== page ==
The Pros and Cons of Lunging
By Charles Wilhelm
I’ve seen too many people over the years get hurt because they just mounted without getting the freshness off the horse. Some people like to call lunging play but it is the running, bucking, and rearing to let off steam and have a good time. Especially during the winter when there is not a lot of turnout and a horse has been in a stall or paddock for two or even three days, it is critical to let the horse unwind. When we get on to ride without allowing this, we wind up wrestling with the horse instead of enjoying our ride. It is all about safety and getting on a horse under these circumstances does not make sense to me. Every horse needs to have an opportunity to move and blow off some steam.
When I was 25 or even 35 years old I would get on a horse like that. The horse would be all fired up and I used to show off how well I could maintain control. That was not a really good or smart thing to do. The horse industry primarily represents women 35 to 55 years old and some well into their sixties. I’ve been working with problem horses for approximately 25 years and most of the problems I’ve seen occur because the horse is too full of energy. The horse starts moving fast and the rider grabs the reins, which is a natural instinct for us. The horse may then rear up or even go over backwards. The horse may buck or crow hop because of all the pent up energy. I say, let us all be smart and lunge our horses before we ride them.
There is another reason why it is good to lunge a horse before riding. I know the natural horsemanship people say lunging is mindless work. However, if you do this exercise correctly and are very specific in your actions and directions, it is a far from mindless use of time. As you watch your horse moving around you, you can see how he is tracking and moving. You can identify any stiffness, lameness or attitude issues. Even my finished horses are lunged, if only for five minutes or less. When I mount, the horse is warmed up and loose in the joints. I don’t have to spend time in the saddle getting the horse physically and mentally ready to work. I know that the horse has his mind in the right place.
Another good reason to lunge is to teach certain commands. Commands that can be learned on a lunge line include go forward, walk, trot, and canter as well as stopping the feet. Transitions between gaits such as trot to canter and trot to walk can also be taught and practiced. You can work on canter departures from a stop on a long lunge line. Lunging is also a gymnastic exercise and you can see how the horse performs various gaits and movements. You can add other training aids such as poles, to help get the horse collected and engaged.
If your horse has not been trained to lunge properly, much of the benefit of the exercise will be lost. I want to get the play out of my horse and use the time as well to get some other benefits. You may have to teach your horse how to lunge properly. How do I know when the horse is lunging properly? First, the horse is not pulling on me. I can’t tell you how may times I have seen trainers, particularly in the English discipline, be pulled around by horses running on the end of a 25 or 30-foot lunge line. When a horse is pulling, he is not getting the benefit of the gymnastic part of the exercise. With pulling comes resistance and you are working against yourself. I don’t want a big drape in the lunge line but I do want some softness in the line, in other words a little bit of play.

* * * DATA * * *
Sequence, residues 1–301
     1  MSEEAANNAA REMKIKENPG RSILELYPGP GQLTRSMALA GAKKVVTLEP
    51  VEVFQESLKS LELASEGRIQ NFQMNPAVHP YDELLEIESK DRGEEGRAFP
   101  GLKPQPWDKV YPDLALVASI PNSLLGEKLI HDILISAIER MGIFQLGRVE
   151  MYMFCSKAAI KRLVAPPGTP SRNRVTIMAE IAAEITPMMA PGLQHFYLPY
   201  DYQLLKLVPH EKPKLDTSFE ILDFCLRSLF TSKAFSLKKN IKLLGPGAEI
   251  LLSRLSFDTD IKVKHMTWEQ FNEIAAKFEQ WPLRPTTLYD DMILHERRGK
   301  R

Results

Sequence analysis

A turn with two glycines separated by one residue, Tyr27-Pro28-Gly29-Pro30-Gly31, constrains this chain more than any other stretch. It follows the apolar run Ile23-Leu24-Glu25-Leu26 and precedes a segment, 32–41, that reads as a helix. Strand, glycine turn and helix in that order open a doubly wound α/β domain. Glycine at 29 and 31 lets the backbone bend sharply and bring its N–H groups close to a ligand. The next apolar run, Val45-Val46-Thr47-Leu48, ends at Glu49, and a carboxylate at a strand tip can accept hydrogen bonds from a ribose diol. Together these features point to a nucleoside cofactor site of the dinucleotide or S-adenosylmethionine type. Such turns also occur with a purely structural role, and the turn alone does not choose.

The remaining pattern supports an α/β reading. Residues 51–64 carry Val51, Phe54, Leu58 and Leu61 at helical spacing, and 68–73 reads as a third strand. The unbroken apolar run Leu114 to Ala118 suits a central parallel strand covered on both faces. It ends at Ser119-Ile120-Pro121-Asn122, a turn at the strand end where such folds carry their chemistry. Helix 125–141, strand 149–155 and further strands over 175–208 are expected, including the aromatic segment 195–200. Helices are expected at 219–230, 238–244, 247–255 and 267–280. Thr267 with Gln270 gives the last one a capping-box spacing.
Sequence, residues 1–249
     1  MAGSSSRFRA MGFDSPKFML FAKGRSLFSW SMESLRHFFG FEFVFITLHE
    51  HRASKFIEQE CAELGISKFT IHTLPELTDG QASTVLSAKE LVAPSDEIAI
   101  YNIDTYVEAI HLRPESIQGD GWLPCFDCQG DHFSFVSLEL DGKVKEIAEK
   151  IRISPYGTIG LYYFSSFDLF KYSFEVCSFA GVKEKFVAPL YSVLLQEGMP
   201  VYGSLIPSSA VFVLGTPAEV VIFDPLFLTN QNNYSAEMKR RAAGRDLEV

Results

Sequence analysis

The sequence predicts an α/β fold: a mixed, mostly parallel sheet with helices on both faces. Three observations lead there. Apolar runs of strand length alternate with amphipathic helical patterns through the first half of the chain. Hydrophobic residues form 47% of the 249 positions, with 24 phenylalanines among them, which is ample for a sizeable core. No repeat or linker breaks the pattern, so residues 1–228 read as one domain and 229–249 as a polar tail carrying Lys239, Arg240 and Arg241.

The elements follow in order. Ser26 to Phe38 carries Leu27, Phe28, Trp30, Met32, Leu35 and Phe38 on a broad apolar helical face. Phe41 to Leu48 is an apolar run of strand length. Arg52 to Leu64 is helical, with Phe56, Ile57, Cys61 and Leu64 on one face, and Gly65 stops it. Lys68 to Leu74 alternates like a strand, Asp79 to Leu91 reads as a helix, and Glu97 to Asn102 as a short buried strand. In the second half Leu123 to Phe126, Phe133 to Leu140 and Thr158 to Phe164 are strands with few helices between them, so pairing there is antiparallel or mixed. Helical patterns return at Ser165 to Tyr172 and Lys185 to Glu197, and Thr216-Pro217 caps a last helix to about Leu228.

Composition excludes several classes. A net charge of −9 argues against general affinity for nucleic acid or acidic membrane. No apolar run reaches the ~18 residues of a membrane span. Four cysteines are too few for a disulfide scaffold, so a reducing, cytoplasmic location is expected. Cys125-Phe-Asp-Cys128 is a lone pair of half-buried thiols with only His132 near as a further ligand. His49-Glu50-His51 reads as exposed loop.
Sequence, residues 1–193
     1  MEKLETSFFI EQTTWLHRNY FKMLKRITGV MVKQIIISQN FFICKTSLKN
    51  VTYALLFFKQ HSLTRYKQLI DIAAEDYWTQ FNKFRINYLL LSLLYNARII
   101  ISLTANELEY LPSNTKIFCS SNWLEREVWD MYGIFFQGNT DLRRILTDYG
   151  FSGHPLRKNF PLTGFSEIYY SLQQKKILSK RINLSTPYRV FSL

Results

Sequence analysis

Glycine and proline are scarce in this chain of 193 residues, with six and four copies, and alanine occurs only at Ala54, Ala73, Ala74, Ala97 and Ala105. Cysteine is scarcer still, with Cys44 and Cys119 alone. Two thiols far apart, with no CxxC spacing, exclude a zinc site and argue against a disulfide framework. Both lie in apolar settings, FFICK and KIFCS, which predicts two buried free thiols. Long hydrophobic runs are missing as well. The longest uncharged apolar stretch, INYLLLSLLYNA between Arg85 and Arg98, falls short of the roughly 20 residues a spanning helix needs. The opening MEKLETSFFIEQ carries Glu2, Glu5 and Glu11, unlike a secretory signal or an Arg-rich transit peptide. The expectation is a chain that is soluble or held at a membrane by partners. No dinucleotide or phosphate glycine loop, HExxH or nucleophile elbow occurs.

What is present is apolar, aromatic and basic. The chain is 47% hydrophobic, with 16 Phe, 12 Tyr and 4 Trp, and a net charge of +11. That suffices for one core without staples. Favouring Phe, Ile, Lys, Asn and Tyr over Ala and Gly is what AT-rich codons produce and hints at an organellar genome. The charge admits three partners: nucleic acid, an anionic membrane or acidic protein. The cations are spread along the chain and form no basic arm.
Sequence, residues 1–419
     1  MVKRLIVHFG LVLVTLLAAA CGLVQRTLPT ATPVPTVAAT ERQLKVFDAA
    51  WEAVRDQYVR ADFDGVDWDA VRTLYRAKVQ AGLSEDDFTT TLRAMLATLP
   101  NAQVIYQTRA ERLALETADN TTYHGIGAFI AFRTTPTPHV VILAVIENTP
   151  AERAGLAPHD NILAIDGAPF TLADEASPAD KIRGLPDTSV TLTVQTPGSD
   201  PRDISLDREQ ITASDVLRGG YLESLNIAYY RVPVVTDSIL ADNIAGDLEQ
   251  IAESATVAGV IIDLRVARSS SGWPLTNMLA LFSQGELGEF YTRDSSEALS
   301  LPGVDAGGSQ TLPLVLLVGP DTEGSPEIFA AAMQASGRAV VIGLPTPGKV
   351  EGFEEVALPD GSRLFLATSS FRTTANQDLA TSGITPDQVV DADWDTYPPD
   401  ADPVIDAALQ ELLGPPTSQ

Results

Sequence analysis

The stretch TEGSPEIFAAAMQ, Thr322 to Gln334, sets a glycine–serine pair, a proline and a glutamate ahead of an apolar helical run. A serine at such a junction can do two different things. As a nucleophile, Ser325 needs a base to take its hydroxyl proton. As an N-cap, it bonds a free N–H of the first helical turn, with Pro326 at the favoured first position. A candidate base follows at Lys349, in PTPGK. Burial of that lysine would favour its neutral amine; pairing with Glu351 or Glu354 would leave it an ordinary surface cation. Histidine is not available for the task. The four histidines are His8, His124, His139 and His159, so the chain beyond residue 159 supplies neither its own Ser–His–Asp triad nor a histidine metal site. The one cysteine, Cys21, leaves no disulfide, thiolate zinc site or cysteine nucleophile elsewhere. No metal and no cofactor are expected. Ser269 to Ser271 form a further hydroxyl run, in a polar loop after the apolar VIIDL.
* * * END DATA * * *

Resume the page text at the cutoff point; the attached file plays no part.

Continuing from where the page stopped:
When lunging properly, the horse’s nose is slightly tipped to the inside. I don’t want the neck bent around because then the right shoulder, if the horse is going left, will float out. When the shoulder floats out, that teaches the horse to run through the shoulder and we don’t want that. I want the horse’s body straight. I have seen many trainers, particularly western trainers, who lunge with the hindquarters to the inside of the circle and the nose to the outside. It almost looks like the horse is side passing on the lunge line. We don’t want that either. Finally, when we are finished lunging, we want the horse’s movements to have a nice rhythm and cadence. The horse should be relaxed and coming through from behind rather than dragging himself along. This can take five minutes or twenty-five minutes.
It does take time to train a horse to lunge properly. You need to find someone who can teach you the proper way to train your horse to lunge. We do not begin to train a horse using a thirty-foot line. When I am teaching a horse to lunge, I begin with a line as short as three feet. I may even need to start with my hand just below the snap to get the horse to start moving around me. This also helps keep the nose slightly tipped in. As the horse learns the exercise, I gradually increase the length of the line. Any time you start a horse on a 25 or 30-foot lunge line, you are asking for trouble. The horse will likely run away, run through the shoulder, possibly run off and pull you along. Like everything else related to properly working with a horse, the challenge is learning how to do it correctly.
I use the lunging exercise all the time. Not just to get the energy and play out but to get the horse relaxed. If you go to a show or some place that you have never been and your horse is edgy, get out the lunge line. Work the freshness out and get the horse concentrating on you. My goal is that the horse’s ears are on me. Also, I want the inside eye on me looking for direction.